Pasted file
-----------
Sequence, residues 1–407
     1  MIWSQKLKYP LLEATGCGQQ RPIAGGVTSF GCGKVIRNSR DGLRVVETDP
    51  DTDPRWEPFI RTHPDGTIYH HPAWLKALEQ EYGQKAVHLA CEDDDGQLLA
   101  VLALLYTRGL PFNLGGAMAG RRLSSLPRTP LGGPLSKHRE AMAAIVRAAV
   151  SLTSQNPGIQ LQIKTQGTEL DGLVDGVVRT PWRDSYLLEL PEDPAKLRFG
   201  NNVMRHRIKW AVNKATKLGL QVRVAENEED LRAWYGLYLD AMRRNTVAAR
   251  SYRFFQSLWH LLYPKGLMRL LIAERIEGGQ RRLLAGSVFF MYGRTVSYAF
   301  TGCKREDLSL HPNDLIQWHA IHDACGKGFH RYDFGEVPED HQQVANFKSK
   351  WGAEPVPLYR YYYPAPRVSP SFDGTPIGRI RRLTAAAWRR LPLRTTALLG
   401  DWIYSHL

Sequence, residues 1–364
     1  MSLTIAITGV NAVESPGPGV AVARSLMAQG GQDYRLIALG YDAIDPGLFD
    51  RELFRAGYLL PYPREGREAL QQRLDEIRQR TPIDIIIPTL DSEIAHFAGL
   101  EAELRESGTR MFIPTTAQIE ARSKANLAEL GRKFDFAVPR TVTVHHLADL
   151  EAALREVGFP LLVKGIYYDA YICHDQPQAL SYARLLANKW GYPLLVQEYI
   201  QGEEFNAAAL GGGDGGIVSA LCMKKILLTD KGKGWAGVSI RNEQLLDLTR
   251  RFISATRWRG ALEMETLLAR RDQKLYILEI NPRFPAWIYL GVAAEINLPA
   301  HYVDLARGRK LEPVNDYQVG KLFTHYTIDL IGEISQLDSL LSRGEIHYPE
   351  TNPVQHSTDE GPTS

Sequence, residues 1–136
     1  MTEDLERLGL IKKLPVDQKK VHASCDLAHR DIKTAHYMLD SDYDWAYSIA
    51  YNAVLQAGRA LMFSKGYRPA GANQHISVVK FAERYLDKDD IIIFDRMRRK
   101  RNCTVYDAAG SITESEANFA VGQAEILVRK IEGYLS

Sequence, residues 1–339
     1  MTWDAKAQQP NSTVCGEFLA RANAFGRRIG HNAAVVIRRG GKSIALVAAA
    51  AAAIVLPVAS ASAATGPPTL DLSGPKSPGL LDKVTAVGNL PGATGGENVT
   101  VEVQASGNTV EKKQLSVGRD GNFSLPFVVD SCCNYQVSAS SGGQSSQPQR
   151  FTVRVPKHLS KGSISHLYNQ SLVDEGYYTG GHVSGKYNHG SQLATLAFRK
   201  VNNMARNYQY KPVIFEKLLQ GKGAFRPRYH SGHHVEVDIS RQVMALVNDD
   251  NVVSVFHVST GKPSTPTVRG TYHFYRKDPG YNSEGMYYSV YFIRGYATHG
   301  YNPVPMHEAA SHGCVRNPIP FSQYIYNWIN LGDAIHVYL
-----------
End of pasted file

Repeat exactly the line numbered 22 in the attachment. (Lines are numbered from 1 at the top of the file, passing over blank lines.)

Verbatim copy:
    51  YNAVLQAGRA LMFSKGYRPA GANQHISVVK FAERYLDKDD IIIFDRMRRK